São Paulo may not be an obvious tourist destination if one goes to Brazil. The reviews I saw before I arrived were not stellar. I was there for work, with very little time to explore and absolutely no exposure to the rest of the country–still, when I get a chance to return to Brazil, I will make time for São Paulo.
I had only one morning that was truly mine in the city, on a Friday. It was easy to decide what to do: I wanted to get a glimpse of São Paulo waking up and preparing for just another weekday. One possibility stood out immediately.
I got up early to attend the daybreak Gregorian chants by the monks of São Bento, a 17th-century Benedictine monastery and church near the city’s financial district. My taxi dropped me off several blocks away, and I walked, inhaling the morning: empty streets being swept with palm-tree leaves; closed store windows and dark chapels, asleep; people having breakfasts on their balconies and by open windows; and an army of motorbikes, still lined up from the evening before.
Eventually, I noticed a thin but recognizable stream of people heading to São Bento: locals, dressed for work, stopping by to set their mood for the day.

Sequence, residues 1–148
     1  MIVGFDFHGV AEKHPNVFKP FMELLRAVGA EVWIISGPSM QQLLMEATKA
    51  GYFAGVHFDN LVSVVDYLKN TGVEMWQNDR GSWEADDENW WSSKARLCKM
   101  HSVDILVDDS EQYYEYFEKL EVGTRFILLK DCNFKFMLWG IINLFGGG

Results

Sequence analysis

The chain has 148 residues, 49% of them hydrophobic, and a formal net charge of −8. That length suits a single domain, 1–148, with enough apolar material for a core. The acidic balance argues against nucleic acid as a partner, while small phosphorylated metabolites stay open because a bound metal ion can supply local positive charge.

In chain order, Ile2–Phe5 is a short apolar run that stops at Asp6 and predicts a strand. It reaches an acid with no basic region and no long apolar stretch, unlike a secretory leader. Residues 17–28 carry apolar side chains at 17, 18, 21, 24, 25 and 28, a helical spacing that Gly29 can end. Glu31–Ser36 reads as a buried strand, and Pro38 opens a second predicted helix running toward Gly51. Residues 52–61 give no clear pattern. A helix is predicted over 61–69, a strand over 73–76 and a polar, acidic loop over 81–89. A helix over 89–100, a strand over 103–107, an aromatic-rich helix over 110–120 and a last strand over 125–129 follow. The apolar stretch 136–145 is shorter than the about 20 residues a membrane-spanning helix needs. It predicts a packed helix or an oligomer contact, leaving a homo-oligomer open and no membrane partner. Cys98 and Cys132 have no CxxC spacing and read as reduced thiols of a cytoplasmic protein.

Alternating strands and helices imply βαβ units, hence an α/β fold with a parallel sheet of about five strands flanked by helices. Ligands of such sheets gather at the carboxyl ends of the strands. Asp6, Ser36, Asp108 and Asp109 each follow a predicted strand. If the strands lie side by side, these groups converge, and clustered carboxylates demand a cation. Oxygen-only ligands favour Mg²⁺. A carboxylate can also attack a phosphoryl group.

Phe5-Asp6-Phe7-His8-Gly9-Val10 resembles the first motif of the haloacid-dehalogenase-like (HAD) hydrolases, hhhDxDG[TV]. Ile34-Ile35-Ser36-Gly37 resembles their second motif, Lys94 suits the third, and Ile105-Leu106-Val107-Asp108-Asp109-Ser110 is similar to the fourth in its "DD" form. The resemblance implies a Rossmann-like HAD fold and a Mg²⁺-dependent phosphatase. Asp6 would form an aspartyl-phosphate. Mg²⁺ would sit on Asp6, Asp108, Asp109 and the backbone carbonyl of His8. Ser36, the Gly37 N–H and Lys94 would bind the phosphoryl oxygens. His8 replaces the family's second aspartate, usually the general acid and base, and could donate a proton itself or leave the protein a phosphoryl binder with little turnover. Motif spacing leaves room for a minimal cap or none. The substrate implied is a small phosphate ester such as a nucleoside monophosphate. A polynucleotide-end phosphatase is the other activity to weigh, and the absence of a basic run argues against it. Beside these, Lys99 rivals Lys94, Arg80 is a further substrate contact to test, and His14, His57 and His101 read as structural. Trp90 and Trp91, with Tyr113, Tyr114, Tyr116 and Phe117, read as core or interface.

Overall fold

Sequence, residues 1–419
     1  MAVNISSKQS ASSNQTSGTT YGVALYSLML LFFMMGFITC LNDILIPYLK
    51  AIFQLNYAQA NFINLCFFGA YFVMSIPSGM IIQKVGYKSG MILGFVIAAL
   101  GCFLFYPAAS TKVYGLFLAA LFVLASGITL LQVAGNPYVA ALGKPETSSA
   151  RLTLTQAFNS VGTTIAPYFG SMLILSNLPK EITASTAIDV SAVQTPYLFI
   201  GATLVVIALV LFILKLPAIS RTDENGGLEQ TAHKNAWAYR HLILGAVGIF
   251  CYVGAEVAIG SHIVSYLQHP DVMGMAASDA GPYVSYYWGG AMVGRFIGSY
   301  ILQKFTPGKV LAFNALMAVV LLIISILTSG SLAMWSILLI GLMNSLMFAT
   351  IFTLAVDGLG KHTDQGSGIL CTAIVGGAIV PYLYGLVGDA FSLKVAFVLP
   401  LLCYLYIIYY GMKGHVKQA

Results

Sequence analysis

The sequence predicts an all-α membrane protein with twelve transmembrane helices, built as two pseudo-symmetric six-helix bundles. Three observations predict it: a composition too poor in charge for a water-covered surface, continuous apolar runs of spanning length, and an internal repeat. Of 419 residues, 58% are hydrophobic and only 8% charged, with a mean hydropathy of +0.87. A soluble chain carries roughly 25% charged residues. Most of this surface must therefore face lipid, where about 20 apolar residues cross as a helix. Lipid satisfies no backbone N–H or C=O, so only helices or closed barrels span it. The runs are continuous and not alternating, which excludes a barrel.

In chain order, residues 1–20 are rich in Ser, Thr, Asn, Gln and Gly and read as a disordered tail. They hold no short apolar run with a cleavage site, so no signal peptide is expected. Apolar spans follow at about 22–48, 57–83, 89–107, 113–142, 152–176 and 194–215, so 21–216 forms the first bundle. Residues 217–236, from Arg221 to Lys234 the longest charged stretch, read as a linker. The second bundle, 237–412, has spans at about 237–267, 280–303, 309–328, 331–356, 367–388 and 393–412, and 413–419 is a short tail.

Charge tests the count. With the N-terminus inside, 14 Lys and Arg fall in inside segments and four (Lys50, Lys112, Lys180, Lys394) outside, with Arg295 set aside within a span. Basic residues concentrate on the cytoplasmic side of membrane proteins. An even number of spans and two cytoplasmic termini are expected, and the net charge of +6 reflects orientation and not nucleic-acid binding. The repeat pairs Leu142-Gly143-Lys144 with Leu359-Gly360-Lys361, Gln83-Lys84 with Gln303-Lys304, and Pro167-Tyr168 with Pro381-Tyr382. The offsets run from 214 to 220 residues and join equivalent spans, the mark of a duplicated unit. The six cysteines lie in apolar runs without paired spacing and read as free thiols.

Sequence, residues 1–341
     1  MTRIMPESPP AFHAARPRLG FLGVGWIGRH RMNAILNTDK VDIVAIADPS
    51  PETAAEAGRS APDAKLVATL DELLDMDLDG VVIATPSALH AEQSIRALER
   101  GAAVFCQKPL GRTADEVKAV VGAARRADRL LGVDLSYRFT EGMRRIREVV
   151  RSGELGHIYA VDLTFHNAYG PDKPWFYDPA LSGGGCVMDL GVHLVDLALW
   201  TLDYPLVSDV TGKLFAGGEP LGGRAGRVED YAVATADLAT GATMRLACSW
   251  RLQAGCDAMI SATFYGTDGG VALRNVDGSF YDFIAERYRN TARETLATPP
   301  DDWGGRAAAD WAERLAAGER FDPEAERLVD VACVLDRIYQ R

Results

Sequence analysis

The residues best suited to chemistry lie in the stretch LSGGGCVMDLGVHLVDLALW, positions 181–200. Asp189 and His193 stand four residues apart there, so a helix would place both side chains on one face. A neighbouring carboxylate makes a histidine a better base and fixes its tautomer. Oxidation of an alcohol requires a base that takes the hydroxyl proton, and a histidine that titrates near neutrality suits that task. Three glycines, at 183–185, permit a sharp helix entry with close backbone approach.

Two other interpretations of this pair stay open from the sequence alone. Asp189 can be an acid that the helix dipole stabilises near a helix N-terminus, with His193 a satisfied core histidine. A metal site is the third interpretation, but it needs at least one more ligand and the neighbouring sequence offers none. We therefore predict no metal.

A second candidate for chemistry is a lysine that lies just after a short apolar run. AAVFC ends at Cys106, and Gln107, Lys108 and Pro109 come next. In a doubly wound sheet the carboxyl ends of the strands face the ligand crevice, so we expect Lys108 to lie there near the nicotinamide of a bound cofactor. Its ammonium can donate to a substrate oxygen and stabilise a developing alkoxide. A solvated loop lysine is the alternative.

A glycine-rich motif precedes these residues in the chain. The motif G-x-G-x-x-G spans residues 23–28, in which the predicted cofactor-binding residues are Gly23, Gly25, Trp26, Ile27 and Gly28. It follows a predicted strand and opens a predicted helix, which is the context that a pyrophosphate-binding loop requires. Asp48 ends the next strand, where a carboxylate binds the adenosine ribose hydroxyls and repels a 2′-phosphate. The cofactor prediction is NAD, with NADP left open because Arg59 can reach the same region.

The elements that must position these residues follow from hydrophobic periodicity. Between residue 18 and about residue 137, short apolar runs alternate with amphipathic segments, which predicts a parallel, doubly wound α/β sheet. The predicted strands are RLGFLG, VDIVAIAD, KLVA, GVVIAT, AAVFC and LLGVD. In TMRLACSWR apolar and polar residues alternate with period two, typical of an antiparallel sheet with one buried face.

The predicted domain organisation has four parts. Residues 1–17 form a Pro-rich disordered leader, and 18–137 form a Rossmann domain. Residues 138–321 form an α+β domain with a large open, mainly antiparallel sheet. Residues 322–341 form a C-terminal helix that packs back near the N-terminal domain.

I felt a bit like an intruder, but only at first. The experience was surprising. I thought I would find it interesting, calming, but this was more than that–it was moving: unpolished in places, unguarded, and beautiful, not because of any theatrics but because this was obviously the cherished part of the day for almost everyone present. I saw only one tourist couple, asked not to photograph–this was not a spectacle. As the chants wounded down, people got up, quietly, silently, picked up their bags and briefcases, and headed off to face the world. Outside, the early-morning lull was already giving way to the busy rush hour.